Radisson and des Grosseilliers
The Final Chapter

Pierre-Esprit Radisson and Médard Chouart des Grosseilliers had an amazing and almost unbelievable career in Canadian history. Made brothers-in-law by the marriage of des Grosseilliers to Radisson's half-sister, the two eventually formed a partnership. Their early explorations and fur trading were almost legendary and single-handedly pulled a financially-decrepit France out of the red and into the black. However, instead of being rewarded, the two voyagers had their cache of furs confiscated, they were fined for illegal trading, and were thrown into prison for leaving the colony without permission. Fed up with their treatment, Radisson and des Grosseilliers secretly sailed to England where they allied themselves with King Charles II.

Under the British flag, Radisson and des Grosseilliers were instrumental in forming the Hudson's Bay Company in 1670 - a company which still exists today. By the middle of the decade, however, Radisson and des Grosseilliers discovered that their usefulness to England had virtually dwindled to nothing and they were convinced to return to France and take up allegiance with their home country once again.

Back in New France and once more acting under the flag of France, Radisson and des Grosseilliers met with heavy resistance by Governor-General Frontenac in taking the trading posts Hudson Bay, which belonged to the British Hudson's Bay Company, as commissioned by the King of France. By controlling the fur trade on Hudson Bay, the French could have enjoyed the rich benefits being enjoyed by the British merchants. Frontenac, however, was convinced that Hudson Bay was a waste of time and effort and concentrated any exploration and fur trade to the west instead. Radisson and des Grosseilliers were still very limited in their explorations and were still subject to heavy duties in any fur trading they managed to do.

Unable to complete their commission to reclaim Hudson Bay, Radisson and des Grosseilliers tried one last time to succeed. The final chapter of their lives was about to begin.

In 1681, Radisson sailed to France where he met with his friend, Charles Aubert de la Chesnaye, whom he had met 2 years earlier. Excited by Radisson's desires to claim the fur trade around Hudson Bay for France, de la Chesnaye formed the Compagnie Française de la Baie d'Hudson (a.k.a Compagnie du Nord, or the Company of the North).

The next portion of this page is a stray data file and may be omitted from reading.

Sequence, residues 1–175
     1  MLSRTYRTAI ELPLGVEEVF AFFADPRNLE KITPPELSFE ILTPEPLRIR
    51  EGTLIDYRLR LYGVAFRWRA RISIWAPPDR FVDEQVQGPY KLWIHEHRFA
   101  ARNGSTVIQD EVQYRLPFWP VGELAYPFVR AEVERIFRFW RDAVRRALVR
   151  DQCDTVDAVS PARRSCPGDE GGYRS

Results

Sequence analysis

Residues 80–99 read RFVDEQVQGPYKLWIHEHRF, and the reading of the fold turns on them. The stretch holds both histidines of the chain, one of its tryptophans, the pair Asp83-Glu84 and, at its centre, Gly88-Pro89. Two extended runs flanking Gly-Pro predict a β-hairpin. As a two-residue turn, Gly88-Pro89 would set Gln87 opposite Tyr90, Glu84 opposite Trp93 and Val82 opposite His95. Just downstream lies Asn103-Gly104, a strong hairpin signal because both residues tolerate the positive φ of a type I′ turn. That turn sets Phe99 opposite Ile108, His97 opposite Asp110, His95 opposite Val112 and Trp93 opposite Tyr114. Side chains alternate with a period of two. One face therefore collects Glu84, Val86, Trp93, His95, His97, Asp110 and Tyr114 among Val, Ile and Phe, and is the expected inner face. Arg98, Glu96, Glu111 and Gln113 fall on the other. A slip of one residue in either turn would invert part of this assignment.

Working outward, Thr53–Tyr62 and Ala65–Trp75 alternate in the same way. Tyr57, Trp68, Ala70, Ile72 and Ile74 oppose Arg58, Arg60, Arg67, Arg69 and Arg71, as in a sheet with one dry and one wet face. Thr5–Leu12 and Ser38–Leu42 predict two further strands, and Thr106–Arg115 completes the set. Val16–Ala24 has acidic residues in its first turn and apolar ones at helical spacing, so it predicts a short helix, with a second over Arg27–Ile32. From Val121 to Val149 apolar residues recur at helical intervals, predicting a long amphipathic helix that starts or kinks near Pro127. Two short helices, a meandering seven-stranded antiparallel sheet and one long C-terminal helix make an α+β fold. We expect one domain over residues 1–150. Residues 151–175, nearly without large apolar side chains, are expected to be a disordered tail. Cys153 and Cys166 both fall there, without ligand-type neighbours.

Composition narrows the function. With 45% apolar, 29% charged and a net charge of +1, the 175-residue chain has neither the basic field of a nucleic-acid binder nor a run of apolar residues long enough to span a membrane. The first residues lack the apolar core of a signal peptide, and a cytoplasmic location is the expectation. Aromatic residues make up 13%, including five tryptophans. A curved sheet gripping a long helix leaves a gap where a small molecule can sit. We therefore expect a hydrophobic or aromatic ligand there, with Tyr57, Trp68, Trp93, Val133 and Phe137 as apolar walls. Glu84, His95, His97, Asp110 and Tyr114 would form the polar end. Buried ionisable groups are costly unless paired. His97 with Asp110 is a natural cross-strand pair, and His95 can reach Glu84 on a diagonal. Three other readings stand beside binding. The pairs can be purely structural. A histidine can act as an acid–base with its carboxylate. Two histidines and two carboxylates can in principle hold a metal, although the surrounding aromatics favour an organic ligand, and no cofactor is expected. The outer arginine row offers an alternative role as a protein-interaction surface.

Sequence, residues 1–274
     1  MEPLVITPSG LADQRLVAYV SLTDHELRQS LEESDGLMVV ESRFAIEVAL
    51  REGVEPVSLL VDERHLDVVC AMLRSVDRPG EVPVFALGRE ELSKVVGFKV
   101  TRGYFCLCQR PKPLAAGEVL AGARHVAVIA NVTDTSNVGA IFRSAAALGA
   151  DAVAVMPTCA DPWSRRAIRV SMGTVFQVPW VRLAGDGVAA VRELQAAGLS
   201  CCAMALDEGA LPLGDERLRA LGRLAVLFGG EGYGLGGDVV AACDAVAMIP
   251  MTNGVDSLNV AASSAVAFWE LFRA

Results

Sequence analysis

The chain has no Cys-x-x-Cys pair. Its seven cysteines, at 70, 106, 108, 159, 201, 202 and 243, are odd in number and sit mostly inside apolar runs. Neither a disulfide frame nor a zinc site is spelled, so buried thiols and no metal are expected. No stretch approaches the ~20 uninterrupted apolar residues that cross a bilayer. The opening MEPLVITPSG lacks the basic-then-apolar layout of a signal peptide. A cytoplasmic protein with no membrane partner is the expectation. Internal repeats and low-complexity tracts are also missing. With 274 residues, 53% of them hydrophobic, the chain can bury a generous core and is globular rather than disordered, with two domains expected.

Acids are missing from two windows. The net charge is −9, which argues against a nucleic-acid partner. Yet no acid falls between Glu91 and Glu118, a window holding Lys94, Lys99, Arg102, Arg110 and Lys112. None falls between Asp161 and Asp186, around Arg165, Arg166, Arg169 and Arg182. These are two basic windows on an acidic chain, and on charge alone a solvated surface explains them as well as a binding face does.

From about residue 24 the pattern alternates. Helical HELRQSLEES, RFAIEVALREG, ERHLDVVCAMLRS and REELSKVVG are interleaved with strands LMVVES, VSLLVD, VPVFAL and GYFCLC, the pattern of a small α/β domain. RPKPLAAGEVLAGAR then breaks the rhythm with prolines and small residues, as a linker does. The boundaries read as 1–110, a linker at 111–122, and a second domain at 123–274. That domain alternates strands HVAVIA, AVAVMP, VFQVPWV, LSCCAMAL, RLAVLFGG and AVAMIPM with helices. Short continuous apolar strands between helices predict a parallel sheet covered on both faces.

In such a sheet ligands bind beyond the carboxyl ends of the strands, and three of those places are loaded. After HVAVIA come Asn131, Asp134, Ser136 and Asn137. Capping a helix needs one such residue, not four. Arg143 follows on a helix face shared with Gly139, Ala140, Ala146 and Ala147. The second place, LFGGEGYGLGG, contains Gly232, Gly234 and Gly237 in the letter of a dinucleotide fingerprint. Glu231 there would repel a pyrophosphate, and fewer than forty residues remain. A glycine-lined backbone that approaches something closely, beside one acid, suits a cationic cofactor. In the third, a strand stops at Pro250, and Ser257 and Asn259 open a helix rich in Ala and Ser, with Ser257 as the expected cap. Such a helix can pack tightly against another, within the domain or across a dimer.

In August, 1682, Radisson and des Grosseilliers set sail for Hudson Bay. They sailed to the southern tip of James Bay and captured Fort Nelson, at the mouth of the Hayes River, from the British. They also managed to capture a trading ship from Boston anchored in the harbour. They then sailed back to France with their ships loaded with furs.

Once again, the French treated Radisson and des Grosseilliers as insignificants, paying them a pittance for their accomplishments and charging them duty on the furs. They had had enough.

Médard Chouard des Grosseilliers - Frustated and infuriated at the deplorable and continuing treatment of their efforts, des Grosseilliers retired to New France where he lived the rest of his days. He died in New France at some time between 1695 and 1698.

Pierre-Esprit Radisson - Unlike his brother-in-law, Radisson would seek one final revenge. Returning once more to England, Radisson switched his allegiance yet another time and signed up once more with the Hudson's Bay Company. From there, he sailed to Fort Nelson and found his nephew, Médard Chouart, in charge of the now-French trading post. It was easy for Radisson to convince Chouart and the Assiniboine Natives to ally with England instead of France. The furs were emptied from the storehouses, loaded aboard ship, and Radisson returned to England.

As a final injustice to him, New France appointed Pierre de Troyes in 1686 with the responsibility of recapturing the French forts and trading posts on Hudson Bay. He was also given the responsibility of capturing Pierre-Esprit Radisson and returning him to France for trial.

In 1687, Radisson became a British citizen. He died in England in 1710 - destitute and virtually forgotten by both of the countries for which Radisson and des Grosseilliers had done so much.

Radisson and des Grosseilliers

Médard Chouart des Grosseilliers
Pierre-Esprit Radisson
Expedition to Lake Superior
Changing Allegiance
Hudson Bay Company
Back to France
* The Final Chapter *